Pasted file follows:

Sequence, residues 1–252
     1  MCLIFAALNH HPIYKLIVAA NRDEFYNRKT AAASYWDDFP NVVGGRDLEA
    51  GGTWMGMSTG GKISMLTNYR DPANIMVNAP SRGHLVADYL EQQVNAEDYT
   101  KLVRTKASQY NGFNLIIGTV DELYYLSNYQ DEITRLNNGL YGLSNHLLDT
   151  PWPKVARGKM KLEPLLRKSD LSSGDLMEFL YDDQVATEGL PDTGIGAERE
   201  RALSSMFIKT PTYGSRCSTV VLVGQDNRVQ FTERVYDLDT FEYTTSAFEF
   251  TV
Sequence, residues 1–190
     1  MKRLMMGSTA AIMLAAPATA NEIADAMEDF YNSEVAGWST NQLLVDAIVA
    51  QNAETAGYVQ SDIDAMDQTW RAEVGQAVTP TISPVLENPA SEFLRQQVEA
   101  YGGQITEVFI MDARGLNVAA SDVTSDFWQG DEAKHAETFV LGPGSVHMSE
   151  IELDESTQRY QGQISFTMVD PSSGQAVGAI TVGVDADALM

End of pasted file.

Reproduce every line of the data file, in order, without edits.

Sequence, residues 1–252
     1  MCLIFAALNH HPIYKLIVAA NRDEFYNRKT AAASYWDDFP NVVGGRDLEA
    51  GGTWMGMSTG GKISMLTNYR DPANIMVNAP SRGHLVADYL EQQVNAEDYT
   101  KLVRTKASQY NGFNLIIGTV DELYYLSNYQ DEITRLNNGL YGLSNHLLDT
   151  PWPKVARGKM KLEPLLRKSD LSSGDLMEFL YDDQVATEGL PDTGIGAERE
   201  RALSSMFIKT PTYGSRCSTV VLVGQDNRVQ FTERVYDLDT FEYTTSAFEF
   251  TV
Sequence, residues 1–190
     1  MKRLMMGSTA AIMLAAPATA NEIADAMEDF YNSEVAGWST NQLLVDAIVA
    51  QNAETAGYVQ SDIDAMDQTW RAEVGQAVTP TISPVLENPA SEFLRQQVEA
   101  YGGQITEVFI MDARGLNVAA SDVTSDFWQG DEAKHAETFV LGPGSVHMSE
   151  IELDESTQRY QGQISFTMVD PSSGQAVGAI TVGVDADALM